ADAURA QoL data support osimertinib use in resected, EGFR-mutated NSCLC
medwireNews: Health-related quality of life (HRQoL) is maintained during long-term treatment with adjuvant osimertinib in people with resected, EGFR-mutated non-small-cell lung cancer (NSCLC), research shows.
Speaking at the IASLC 2020 World Conference on Lung Cancer, Margarita Majem, from the Hospital de la Santa Creu i Sant Pau in Barcelona, Spain, explained that the phase 3 ADAURA study has already shown that adjuvant osimertinib reduced the risk for disease recurrence by a significant 80% versus placebo.
She said that the current analysis of patient-reported outcomes “further supports osimertinib as an effective new treatment strategy” among completely resected and disease-free patients with stage IB–IIIA EGFR-mutated NSCLC with or without prior adjuvant chemotherapy.
The study included 679 individuals who were randomly assigned to receive osimertinib 80 mg or placebo once daily for 3 years or until disease recurrence or treatment discontinuation.
Majem reported that physical component summary (PCS) and mental component summary (MCS) T-scores on the SF-36 HRQoL survey were similar between the two treatment arms at time of randomization (46–47 points) and were also comparable with those seen in the general population, at 0.3–0.4 standard deviations below the normative mean.
By week 96, the adjusted mean PCS score had increased by 1.13 and 2.31 points, respectively. The resulting mean difference of 1.18 points was below the cutoff for a clinically meaningful change, which was set at 2.00 points.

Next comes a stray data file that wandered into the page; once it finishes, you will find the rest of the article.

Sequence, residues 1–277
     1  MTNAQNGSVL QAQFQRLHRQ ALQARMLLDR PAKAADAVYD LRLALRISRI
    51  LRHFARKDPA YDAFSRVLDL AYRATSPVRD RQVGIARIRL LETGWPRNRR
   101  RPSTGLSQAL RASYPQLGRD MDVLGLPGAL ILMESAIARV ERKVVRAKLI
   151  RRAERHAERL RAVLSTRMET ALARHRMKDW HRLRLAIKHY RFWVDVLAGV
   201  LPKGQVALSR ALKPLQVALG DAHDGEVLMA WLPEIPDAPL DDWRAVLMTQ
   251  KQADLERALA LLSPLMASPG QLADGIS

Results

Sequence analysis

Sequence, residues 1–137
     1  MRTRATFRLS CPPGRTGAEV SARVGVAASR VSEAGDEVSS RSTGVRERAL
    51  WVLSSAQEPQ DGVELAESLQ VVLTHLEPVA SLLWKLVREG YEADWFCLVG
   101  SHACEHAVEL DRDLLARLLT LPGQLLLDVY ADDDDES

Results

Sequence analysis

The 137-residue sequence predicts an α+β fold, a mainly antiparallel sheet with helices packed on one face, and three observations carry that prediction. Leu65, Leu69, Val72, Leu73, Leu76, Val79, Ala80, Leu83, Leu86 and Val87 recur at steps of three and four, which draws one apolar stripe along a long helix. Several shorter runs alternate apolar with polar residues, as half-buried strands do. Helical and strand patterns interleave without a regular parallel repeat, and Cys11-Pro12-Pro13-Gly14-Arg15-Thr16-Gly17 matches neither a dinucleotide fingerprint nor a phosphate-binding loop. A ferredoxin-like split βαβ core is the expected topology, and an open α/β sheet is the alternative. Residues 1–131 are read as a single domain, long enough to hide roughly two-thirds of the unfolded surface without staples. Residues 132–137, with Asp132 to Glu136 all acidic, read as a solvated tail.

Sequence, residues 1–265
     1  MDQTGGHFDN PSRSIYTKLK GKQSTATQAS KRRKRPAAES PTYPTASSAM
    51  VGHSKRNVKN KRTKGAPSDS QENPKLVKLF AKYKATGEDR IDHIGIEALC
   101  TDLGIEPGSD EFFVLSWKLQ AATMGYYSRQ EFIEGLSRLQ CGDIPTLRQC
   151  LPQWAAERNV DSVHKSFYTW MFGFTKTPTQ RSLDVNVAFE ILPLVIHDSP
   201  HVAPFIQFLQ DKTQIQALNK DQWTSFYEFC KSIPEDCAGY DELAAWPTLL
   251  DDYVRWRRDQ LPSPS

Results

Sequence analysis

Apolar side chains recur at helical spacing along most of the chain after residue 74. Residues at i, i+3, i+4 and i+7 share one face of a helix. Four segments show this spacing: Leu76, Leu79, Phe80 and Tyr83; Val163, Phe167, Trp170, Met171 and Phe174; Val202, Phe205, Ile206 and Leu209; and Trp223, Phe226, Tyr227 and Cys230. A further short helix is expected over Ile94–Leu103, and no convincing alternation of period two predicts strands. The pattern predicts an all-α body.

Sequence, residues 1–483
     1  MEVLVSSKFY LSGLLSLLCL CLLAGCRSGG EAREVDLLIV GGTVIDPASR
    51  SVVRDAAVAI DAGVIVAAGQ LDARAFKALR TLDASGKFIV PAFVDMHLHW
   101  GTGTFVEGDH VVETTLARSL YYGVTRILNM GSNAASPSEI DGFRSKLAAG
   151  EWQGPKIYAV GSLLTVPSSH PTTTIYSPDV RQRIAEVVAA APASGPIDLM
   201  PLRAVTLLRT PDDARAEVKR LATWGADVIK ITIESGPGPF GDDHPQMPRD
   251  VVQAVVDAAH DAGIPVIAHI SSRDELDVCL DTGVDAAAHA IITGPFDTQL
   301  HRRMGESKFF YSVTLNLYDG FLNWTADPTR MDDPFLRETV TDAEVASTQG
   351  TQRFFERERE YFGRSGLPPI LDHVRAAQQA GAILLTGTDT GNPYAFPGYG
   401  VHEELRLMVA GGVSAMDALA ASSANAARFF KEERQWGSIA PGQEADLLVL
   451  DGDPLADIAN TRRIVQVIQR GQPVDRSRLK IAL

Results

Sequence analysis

Similarly, the mean MCS score increased by 1.34 points with osimertinib and by 2.68 points with placebo, with the mean difference of 1.34 points again falling below the clinically meaningful cutoff of 3.00 points in this case.
When Majem looked at the eight individual components of the SF-36, they observed similar results and no clinically meaningful differences between osimertinib and placebo.
Majem noted that more than 80% of patients in both arms experienced no clinically meaningful deterioration in PCS or MCS while they remained disease-free.
However, among the patients who did have deterioration, there was no significant difference in the time to deterioration of either PCS or MCS between the osimertinib and placebo arms.
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